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Milton Keynes today and tomorrow

Words say a lot about the people who use them. American politicians talk of running for office where in Britain we stand for election. We envisage what may happen to us whereas in the States you envision how you will shape the future. Not sure vs. Can do.

As people living in Milton Keynes know well, the grid system, envisioned by the legendary architect Helmut Jacoby to link the city and its surrounding countryside, has helped develop a ‘can do’ culture which has enabled the city to achieve more, faster during its first forty years than anywhere else in Britain.

In the next twenty years, the period of the South East Plan, Milton Keynes will pull further ahead and will become a third centre of excellence alongside Oxford and Cambridge. The city is constantly reinventing itself, like Hong Kong and Shanghai. Beyond that the future of Milton Keynes will be in the hands of those who are now its children, and there is no doubt they will envision even greater advances, pushing horizons back even more

Milton Keynes’ rich history

But Milton Keynes is not just a state-of-the-art city. It has a rich heritage of buildings and artefacts from the past, from the stone age to the Second World War. The people of the Bronze Age left a large circular round house made of timber in Wolverton and a fabulous hoard of gold torcs in Middleton. The town of Magiovinium and Bradwell Villa testify to the importance of Milton Keynes in Roman times. The Anglo-Saxons built a settlement in Pennyland and buried their dead with much ceremony in Newport Pagnell.

Milton Keynes figured importantly in later times too. In 1977 a windmill built around 1250 was excavated in Great Linford, making it the earliest in England and much older than the Bradwell Windmill, which was constructed in 1816.

The Industrial Age saw Milton Keynes come into its own. In 1800 the Grand Junction Canal opened, and runs through the city from north to south. It was later renamed the Grand Union Canal and remains to this day emblematic of England’s canal network. After the canals came the railways, built around their hubs, the great railway centres. The London and Birmingham Railway’s Wolverton Works, established in 1838 to build and repair carriages, was one of these centres.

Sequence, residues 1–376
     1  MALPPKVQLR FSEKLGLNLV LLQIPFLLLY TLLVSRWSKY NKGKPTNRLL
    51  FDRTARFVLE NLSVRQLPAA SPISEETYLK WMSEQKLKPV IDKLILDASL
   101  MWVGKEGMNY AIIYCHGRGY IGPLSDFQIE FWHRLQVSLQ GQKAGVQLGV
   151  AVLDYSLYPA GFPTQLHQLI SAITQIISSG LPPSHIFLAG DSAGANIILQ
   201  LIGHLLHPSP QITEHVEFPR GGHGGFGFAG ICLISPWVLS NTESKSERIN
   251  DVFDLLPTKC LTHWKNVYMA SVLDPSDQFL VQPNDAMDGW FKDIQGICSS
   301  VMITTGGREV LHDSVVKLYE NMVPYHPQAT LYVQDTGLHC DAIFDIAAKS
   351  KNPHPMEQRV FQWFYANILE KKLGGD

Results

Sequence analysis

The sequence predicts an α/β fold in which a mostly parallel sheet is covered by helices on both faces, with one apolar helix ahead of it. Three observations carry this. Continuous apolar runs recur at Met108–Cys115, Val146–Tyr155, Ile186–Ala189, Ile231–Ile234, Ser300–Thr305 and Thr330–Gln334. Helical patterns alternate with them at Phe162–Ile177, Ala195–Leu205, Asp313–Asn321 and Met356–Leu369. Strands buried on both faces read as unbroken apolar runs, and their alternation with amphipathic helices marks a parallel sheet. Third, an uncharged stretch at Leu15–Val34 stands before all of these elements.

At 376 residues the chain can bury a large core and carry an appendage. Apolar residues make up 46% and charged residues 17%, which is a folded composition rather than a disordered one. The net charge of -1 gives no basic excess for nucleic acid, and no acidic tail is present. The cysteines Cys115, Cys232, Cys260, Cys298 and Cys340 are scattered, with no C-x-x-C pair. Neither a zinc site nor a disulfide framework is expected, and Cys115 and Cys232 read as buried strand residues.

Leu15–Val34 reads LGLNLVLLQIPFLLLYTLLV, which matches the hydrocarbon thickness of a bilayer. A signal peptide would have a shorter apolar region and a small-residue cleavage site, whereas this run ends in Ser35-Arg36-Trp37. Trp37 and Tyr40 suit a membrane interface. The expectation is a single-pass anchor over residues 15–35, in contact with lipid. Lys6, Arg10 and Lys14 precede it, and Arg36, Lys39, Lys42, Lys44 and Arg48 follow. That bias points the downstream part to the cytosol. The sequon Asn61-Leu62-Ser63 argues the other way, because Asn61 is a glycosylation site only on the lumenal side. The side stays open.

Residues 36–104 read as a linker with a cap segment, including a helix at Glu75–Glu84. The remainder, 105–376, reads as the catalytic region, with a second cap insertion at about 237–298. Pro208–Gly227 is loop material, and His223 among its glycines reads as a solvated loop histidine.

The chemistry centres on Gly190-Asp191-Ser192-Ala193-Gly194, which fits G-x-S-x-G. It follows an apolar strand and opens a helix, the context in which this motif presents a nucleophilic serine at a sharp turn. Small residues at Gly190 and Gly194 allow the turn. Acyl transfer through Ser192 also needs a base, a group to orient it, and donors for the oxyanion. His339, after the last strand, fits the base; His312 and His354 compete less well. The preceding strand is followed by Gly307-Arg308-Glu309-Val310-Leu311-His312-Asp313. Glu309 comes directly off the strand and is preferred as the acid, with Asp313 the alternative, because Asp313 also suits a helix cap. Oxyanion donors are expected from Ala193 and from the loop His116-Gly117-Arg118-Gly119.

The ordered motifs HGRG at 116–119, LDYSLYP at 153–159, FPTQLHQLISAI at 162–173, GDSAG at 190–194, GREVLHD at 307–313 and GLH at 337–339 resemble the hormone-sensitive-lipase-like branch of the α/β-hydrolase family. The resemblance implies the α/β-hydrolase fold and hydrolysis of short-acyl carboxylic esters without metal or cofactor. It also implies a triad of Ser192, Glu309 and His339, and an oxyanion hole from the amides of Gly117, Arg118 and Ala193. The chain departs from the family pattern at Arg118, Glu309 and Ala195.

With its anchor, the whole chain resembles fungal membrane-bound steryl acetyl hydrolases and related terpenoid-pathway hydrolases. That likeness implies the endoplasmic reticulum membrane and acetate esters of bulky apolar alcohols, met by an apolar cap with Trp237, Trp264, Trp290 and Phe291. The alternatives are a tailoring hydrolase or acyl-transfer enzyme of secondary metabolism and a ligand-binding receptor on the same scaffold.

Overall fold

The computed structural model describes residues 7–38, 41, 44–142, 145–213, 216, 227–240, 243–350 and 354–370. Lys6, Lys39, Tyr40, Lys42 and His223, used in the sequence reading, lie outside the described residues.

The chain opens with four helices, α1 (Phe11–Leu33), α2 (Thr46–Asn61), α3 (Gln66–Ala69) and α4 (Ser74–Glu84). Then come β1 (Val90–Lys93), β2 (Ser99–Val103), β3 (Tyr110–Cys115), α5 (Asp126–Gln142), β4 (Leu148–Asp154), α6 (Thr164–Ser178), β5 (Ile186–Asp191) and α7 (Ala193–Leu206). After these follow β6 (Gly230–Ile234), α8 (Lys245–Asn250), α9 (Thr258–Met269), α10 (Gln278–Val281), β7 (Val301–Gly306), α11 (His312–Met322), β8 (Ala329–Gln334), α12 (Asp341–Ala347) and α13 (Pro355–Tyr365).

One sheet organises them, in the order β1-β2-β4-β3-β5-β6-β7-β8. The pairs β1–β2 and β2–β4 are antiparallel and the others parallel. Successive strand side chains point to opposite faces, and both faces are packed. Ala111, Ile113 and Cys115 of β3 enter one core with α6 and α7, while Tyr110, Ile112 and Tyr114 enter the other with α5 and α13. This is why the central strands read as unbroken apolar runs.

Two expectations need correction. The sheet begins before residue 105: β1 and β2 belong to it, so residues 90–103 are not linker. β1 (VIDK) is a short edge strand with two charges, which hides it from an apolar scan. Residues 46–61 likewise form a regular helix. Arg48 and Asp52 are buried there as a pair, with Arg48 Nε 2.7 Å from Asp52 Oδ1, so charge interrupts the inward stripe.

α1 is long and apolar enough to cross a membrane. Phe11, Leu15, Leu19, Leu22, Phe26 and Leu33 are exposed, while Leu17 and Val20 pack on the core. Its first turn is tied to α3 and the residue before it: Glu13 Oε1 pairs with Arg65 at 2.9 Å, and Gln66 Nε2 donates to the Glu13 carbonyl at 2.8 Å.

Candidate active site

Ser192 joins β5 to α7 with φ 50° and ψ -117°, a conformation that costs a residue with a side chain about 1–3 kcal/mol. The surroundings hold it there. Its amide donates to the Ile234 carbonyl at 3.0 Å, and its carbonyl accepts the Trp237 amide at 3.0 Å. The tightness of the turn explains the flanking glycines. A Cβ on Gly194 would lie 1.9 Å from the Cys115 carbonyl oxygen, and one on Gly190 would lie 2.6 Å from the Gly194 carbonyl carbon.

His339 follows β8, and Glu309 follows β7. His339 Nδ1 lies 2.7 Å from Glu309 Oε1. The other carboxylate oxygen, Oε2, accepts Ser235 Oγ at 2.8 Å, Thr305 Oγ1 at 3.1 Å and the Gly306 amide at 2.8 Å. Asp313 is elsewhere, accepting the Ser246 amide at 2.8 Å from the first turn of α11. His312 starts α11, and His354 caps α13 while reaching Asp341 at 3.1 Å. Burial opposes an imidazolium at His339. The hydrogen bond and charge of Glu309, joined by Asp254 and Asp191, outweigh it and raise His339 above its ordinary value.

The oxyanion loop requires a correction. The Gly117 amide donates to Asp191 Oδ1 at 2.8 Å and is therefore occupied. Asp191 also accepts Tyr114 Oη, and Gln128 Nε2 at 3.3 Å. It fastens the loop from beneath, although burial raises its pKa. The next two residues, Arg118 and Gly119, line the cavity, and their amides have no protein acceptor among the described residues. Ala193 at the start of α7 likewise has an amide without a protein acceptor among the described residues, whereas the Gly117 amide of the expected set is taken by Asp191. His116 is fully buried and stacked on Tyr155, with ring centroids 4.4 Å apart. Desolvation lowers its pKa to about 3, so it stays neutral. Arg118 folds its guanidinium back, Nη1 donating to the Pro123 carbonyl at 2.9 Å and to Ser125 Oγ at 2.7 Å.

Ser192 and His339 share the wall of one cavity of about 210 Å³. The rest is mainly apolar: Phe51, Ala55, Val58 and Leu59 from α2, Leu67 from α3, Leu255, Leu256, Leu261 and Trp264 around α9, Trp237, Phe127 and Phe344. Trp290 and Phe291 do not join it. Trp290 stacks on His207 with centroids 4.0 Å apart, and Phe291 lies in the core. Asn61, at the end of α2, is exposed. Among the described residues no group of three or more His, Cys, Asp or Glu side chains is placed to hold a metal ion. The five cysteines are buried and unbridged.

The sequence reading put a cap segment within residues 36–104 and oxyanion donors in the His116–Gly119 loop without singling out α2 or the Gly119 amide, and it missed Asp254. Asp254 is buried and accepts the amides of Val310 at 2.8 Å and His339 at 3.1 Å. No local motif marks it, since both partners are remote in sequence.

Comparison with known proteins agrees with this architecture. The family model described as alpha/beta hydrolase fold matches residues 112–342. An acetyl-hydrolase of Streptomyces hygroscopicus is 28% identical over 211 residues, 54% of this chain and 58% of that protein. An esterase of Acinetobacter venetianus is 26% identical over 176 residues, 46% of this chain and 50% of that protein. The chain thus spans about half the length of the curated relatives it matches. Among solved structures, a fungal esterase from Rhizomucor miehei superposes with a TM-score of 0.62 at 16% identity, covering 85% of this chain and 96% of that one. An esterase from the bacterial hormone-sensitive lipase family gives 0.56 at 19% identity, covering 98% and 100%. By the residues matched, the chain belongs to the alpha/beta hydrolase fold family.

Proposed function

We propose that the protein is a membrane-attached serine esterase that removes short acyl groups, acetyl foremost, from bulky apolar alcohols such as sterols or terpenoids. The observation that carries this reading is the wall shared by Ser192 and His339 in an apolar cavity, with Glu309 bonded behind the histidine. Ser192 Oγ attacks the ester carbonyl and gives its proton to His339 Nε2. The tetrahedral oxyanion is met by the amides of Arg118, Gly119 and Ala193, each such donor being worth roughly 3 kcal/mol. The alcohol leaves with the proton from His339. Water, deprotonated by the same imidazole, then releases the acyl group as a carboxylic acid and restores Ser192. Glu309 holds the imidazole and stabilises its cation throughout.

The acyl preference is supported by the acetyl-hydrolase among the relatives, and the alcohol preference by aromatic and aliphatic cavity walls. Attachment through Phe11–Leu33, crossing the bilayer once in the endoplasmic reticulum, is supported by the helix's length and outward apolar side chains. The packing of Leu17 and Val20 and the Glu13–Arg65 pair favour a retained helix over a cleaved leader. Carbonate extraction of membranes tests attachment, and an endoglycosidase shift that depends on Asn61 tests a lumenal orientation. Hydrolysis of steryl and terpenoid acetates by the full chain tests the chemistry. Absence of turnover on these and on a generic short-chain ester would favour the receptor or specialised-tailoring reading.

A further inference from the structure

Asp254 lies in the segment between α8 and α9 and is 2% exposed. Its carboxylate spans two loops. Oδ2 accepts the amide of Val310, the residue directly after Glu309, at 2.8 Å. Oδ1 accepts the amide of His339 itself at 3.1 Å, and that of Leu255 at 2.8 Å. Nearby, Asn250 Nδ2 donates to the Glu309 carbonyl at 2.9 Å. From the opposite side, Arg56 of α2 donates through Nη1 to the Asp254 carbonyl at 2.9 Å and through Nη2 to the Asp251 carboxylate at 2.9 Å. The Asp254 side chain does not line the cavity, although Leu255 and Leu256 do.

Milton Keynes has played its role in history too. The Gunpowder Plot conspirators met in Gayhurst House. The poet William Cowper and his friend John Newton lived in Olney. John Newton was a notorious slave ship captain who turned active campaigner for the abolition of slavery alongside William Wilberforce. He became a curate and wrote the famous hymn Amazing Grace.

Perhaps Milton Keynes’ finest hour came during the Second World War when in 1939 the Government Code and Cipher School established themselves at Bletchley Park to track and decipher German military communications. Cracking the seemingly impenetrable Enigma code played a major part in foiling Luftwaffe bombing raids and U-Boat attacks and was a significant factor in defeating Nazi Germany. The team developed many ground-breaking machines to help them decipher codes and in 1943 they started on Colossus, which became operational the following year making it the world’s first electronic computer.

A healthy environment for people…

The city offers children and young people (and not-so-young people) an unparalleled range of sports they can take part in, from archery to volleyball with facilities on hand for them all, including Xscape for skiing and other snow sports and Planet Ice for skating and even ice hockey. And, of course you can always be inspired by the MK Dons - just wait till their magnificent new stadium opens on July 13th! -  or by hockey in the National Stadium.

…and for wildlife

What’s good for people is good for wildlife too. Milton Keynes has been very careful to conserve environments for its birds and animals, trees and plants. The many parks, woods, lakes, gravel pits and disused quarries provide excellent and diverse habitats for many species. The Ouse Valley Park in Stony Stratford is a wildlife conservation area, the Blue Lagoon in Bletchley, a flooded clay pit, is now a nature reserve and Howe Park Wood in Tattenhoe has been designated a site of special scientific interest. Even the grid system itself contributes to nature conservation: the wide verges provide valuable wildlife corridors between areas of open land.

But Milton Keynes has always attracted wildlife. In Jurassic times it was home to plesiosaurs and ichthyosaurs. Mammoths and woolly rhinoceros roamed the frost-bound landscape in the Pleistocene.